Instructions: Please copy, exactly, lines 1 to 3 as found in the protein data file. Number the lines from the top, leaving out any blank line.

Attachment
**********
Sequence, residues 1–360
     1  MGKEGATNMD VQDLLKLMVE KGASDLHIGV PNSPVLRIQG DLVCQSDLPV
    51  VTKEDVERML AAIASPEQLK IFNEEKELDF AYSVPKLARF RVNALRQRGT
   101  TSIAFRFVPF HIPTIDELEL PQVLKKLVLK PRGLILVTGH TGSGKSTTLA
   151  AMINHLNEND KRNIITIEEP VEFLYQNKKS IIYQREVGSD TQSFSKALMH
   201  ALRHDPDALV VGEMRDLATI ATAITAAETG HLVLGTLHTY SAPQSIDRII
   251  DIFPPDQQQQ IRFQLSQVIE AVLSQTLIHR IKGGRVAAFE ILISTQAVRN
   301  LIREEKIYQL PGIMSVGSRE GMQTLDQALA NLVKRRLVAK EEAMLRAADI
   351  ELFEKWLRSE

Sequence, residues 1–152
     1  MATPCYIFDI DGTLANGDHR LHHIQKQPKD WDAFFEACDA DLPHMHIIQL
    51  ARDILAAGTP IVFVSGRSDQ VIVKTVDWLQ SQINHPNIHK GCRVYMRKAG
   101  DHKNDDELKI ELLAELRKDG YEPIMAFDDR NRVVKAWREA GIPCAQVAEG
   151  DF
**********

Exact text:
Sequence, residues 1–360
     1  MGKEGATNMD VQDLLKLMVE KGASDLHIGV PNSPVLRIQG DLVCQSDLPV
    51  VTKEDVERML AAIASPEQLK IFNEEKELDF AYSVPKLARF RVNALRQRGT